Monday, November 21, 2005

Stop The ACLU Blogburst / Chaplain Catodanno

Completed version of the toon first posted as a black and white on the last Sunday Funnies at Stop The ACLU. A follow up to this toon is in progress and will be posted later tomorrow (Tuesday).

I frequently receive subject suggestions for new cartoons, which are usually more appropriate to the cultural milieu than the ones I decide to embark upon. William Scott Conway from Christian and Clive Sinclair Lewis, In The Wardrobe writes 'This might be an interesting thing for you to do a cartoon on. What would Faithmouse have to say about a liberal instructing the Christian church on how to show love'? Jack Melanson of Jesus Christ Garments suggests 'I sure would like to see a cartoon about the British hierarchy of the
Roman Catholic church declaring parts of the bible to be untrue'.
A great idea as well, and from the Times Online article referred to by Jack I discovered this very intriguing bit of information-

A Christian charity is sending a film about the Christmas story to every primary school in Britain after hearing of a young boy who asked his teacher why Mary and Joseph had named their baby after a swear word.

Now, that's a cartoon.

To William I offer this Bob Geldorf toon I drew during Live Aid. To Jack I emailed these thoughts-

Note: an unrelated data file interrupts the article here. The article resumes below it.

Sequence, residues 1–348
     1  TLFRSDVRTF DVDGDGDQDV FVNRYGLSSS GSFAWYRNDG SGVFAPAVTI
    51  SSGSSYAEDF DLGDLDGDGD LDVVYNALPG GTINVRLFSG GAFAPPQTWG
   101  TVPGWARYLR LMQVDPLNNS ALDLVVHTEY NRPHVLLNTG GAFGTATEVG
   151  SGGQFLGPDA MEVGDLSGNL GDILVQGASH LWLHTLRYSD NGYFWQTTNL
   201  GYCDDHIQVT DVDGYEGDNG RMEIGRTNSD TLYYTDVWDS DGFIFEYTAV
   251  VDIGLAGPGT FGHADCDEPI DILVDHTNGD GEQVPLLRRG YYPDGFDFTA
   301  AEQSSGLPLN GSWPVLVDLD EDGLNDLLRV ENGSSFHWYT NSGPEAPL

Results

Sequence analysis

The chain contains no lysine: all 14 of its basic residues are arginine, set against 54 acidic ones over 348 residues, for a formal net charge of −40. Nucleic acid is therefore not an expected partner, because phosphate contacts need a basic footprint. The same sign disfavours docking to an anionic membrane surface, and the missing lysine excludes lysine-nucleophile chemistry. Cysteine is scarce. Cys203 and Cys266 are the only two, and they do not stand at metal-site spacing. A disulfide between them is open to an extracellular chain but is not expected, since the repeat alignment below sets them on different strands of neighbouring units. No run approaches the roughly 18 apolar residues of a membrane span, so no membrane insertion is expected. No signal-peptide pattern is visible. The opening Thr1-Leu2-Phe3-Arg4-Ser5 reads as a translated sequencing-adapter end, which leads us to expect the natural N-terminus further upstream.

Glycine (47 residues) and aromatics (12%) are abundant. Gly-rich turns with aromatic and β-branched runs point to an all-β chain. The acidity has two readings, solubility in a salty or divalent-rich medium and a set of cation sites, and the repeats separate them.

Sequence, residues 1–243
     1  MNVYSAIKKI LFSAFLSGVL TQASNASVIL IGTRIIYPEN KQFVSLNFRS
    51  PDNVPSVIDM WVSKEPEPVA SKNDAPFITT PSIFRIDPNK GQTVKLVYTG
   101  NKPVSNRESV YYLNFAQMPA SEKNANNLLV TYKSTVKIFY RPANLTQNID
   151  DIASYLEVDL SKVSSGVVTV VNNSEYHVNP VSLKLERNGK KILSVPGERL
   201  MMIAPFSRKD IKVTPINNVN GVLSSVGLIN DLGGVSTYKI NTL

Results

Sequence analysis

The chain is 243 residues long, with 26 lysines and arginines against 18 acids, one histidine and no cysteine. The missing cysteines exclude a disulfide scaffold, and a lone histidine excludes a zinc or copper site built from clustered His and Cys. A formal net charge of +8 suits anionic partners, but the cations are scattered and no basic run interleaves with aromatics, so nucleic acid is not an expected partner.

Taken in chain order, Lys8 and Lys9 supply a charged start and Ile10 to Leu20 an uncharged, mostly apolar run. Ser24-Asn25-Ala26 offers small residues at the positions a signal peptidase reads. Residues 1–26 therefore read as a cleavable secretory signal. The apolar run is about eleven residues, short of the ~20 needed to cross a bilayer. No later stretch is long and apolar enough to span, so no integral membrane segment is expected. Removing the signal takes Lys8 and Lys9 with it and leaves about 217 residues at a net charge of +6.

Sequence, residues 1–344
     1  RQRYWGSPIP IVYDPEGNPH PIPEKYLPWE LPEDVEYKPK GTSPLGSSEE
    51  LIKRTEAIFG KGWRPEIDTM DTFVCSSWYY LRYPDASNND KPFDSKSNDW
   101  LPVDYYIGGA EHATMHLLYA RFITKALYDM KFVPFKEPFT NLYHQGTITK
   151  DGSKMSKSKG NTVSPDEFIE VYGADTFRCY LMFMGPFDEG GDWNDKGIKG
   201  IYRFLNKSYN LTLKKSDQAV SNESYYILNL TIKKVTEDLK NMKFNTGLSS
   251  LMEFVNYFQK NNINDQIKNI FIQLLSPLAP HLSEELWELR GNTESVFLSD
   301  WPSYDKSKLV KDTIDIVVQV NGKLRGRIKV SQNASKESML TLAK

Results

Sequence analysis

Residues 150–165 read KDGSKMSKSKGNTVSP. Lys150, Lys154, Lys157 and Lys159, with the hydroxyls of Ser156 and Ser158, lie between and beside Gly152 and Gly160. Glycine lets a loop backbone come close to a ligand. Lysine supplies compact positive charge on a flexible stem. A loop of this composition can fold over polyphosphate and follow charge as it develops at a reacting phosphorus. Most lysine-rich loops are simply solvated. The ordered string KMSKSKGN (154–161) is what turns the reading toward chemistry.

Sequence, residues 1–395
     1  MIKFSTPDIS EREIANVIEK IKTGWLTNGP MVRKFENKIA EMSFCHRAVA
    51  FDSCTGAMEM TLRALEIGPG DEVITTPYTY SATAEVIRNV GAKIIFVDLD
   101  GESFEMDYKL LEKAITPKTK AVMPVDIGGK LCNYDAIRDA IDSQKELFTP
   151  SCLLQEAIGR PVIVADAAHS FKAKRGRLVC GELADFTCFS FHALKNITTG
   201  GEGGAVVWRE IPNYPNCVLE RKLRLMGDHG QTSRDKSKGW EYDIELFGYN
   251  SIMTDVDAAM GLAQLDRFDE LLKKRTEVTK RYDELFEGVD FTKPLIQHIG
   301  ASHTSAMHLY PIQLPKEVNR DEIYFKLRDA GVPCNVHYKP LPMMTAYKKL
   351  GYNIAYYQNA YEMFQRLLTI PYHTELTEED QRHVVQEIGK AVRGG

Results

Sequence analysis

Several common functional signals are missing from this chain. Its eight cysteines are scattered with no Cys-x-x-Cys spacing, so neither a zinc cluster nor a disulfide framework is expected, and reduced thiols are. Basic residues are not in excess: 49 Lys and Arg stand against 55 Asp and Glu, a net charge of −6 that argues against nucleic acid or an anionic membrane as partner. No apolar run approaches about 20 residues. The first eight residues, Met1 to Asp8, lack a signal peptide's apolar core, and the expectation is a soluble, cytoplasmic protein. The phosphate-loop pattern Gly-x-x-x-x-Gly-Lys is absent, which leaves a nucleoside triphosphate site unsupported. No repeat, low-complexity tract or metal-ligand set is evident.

That's a great idea, Jack. I missed the story, so thanks.
Catholics in Great Britain have caught the same disorder the Anglicans have long suffered from. Faith means trust in that which those not in the spirit find utterly impossible to believe, and that faith is in turn a gift from God. These faithless religious pronounce the cross moot, which is why church attendance is so dismal in Britain. As a Catholic I know that scripture is true; the difference I might have with Protestants on the validity of scripture is that some parts of the Bible may be considered teaching stories, poetry or prose, but all books are true and equally significant. Viewing scripture as revelation or as the record of revelation is comparable to the difference between considering a biography of a historical figure or a novel about a great literary one; I know Christ is real and so do you, but this is a gift and it's a product of that gift that we can afford to give the benefit of the doubt to those who seem to do a better job than we at following the example of Christ the literary figure than Christ the savior of the world. However, even the most faithless of theologians (who are only acting their faith in the first place since it springs primarily from themselves) must admit that the 'plays' the thing. When you start to pick and choose what you can accept from scripture, you destroy the spiritual significance of the timeline of Christ, which is the true 'story' of scripture. The Bible is the living record of the need for, promise of, and the first coming of Christ. When you merit as useless that which you decide you can't use, you create a secular document and faith, which I suppose is the intention. Catholics, most of us at least, are better than that.

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